With Meela now fully transitioned, she eats better than my partner and I do. She is on the Biologically Appropriate Raw Food (B.A.R.F Diet) and gets certain percentages of bone, muscle meat, organ and then vegetables/fruit. The vegetables/fruit part if optional and is another debate that we will not get into here. A typical meal for Meela might include a chicken drumstick, thigh or back and then muscle meats including green tripe, heart, tongue or standard cuts. Then she gets liver in every meal as well as another type of secreting organ like brains or kidney. On top of that she gets frozen cubes with blitzed vegetables and fruit. After months of watching her sniff the kibble before walking away, it is relieving to watch Meela lick every bowl clean. She also insists on big sloppy dog kisses after every meal, and I like to think she is telling us we are doing the right thing by her.
On top of the meat Meela also gets various supplements. This is another part of the B.A.R.F vs Prey Model debate, as the Prey Model argues supplements are not necessary unless you are giving them for a cause or deficit. But anyway, if we got into that we would be here all day. Meela gets
· Coconut oil to help her skin and immune system
· Kefir for its probiotic benefits (it really helped to fight off Meela's paw yeast infection)
· Apple cider vinegar for its help with itchy skin (and again, it REALLY helped with the yeast infection)
· Gelatine (occasionally) for its benefits in cartilage growth for joints
· Spirulina for the boost in immunity
· Turmeric for its anti-inflammatory benefits
· Bone broth as another supplement for strengthening joints
· NZ Green lipped mussels for manganese, an essential vitamin for dogs
· Eggs because they are a great source of digestible protein and contain lots of vitamins
Meela will get some of these every day, some she might get a few times a week and some she may only get when she is injured or needs them.
Another common misconception of raw feeding are the following 'myths". Your dog will transform overnight into a mean, bloodthirsty, eating machine- wrong! Meela has had no change in her personality, she is still as sociable as ever and continues to make generous attempts to befriend my mum's cat. Raw feeding your dog is not balanced- wrong! Well this depends on your prepping and balancing, of course if you serve your furry friend a juicy scotch steak every night they won't get what they need, but if you balance the meat, organ and bone with supplements you can definitely get it right. Raw feeding a dog exposes them to risk of Salmonella-there is a very small possibility of this but what a lot of people forget is that there is also risk of salmonella in kibble. Bones are dangerous for my dog- again, wrong, provided you are giving them the correct bones. Bones are awesome for acting like a natural toothbrush and keeping your pups teeth and jaw clean and strong, however they need to be appropriate (no weight-bearing bones) and a correct size for your dog. Also, I know we only just met and this might be a little far for first base, but let me fill you in on a big (but also little) benefit. Their poops really shrink on a balanced raw diet, plus they smell way less. Anyway, back to the raw food.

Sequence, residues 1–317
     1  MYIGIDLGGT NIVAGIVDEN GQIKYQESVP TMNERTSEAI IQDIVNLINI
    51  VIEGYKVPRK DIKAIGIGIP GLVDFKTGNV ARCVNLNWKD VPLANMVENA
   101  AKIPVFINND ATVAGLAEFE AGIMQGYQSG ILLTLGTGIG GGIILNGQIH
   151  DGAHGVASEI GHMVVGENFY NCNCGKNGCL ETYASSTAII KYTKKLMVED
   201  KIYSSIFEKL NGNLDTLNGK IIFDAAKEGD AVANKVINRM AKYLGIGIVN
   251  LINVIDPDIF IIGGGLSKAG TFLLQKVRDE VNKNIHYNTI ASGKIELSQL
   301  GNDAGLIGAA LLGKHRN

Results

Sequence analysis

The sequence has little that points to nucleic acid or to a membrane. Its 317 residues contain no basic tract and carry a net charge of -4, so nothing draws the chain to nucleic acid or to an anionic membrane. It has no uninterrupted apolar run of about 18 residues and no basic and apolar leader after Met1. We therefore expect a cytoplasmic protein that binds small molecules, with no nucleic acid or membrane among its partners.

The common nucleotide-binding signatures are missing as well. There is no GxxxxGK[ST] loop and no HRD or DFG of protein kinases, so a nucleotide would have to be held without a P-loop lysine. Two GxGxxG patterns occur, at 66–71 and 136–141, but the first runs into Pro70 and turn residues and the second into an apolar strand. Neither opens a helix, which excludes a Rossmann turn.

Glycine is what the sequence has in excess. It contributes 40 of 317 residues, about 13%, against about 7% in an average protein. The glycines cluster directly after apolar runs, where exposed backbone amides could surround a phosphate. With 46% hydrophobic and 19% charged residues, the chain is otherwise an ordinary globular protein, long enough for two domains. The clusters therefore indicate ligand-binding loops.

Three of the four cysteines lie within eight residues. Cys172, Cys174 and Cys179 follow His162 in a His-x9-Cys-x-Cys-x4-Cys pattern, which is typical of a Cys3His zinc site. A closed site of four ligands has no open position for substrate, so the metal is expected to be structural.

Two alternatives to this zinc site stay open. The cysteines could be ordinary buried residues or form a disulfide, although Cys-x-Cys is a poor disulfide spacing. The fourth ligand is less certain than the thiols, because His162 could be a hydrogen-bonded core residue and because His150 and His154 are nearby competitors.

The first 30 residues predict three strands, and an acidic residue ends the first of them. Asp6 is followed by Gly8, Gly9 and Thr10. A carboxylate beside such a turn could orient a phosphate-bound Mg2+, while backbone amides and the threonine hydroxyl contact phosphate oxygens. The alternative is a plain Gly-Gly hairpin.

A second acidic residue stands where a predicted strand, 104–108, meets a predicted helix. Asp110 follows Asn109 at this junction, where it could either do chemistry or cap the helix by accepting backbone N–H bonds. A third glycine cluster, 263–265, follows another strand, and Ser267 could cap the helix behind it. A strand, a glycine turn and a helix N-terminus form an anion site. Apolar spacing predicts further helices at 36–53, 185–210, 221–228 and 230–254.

Meela is what I would describe as ‘thriving’ on her raw diet. Her coats looking shiny, she has copious amounts of energy and the best of all, SHES EATING EVERY MEAL. Raw feeding is scary at first, but with a little guidance in the right direction, it can get quite easy! I owe HUGE thanks to Danielle, fur-mum of @eddyexplores who helped me weave through that initial scary ‘I can’t do this, I’ll never figure it out’ feeling. Other accounts that are awesome to follow for some inspiration are @rawfedandfurry, @rawfedk9 and @perfectlyrawsome. I got a lot of my supplement ideas from these pages and they are constantly trying out new types of supplements for their pooches.
Over the rest of this little mini-series we I’ll be writing about the meals Meela gets daily and how I shop for, construct and prepare these. I’ll also be writing a post with supplement ideas and a more detailed view of the supplements I give Meela and the reasons why. Please remember that all of this from personal experience and a little bit of research, I would 100% recommend doing your own research before starting a raw dog diet.
See you again soon!